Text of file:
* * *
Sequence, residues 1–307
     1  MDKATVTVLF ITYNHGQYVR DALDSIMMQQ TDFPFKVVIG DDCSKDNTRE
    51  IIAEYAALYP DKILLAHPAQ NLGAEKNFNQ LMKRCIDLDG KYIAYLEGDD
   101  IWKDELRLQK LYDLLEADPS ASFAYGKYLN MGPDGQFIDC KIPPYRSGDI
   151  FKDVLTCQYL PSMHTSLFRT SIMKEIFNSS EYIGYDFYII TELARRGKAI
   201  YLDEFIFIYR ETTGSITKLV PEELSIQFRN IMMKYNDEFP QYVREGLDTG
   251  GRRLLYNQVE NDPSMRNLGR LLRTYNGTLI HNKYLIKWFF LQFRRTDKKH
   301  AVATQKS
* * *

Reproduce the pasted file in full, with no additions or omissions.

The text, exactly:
Sequence, residues 1–307
     1  MDKATVTVLF ITYNHGQYVR DALDSIMMQQ TDFPFKVVIG DDCSKDNTRE
    51  IIAEYAALYP DKILLAHPAQ NLGAEKNFNQ LMKRCIDLDG KYIAYLEGDD
   101  IWKDELRLQK LYDLLEADPS ASFAYGKYLN MGPDGQFIDC KIPPYRSGDI
   151  FKDVLTCQYL PSMHTSLFRT SIMKEIFNSS EYIGYDFYII TELARRGKAI
   201  YLDEFIFIYR ETTGSITKLV PEELSIQFRN IMMKYNDEFP QYVREGLDTG
   251  GRRLLYNQVE NDPSMRNLGR LLRTYNGTLI HNKYLIKWFF LQFRRTDKKH
   301  AVATQKS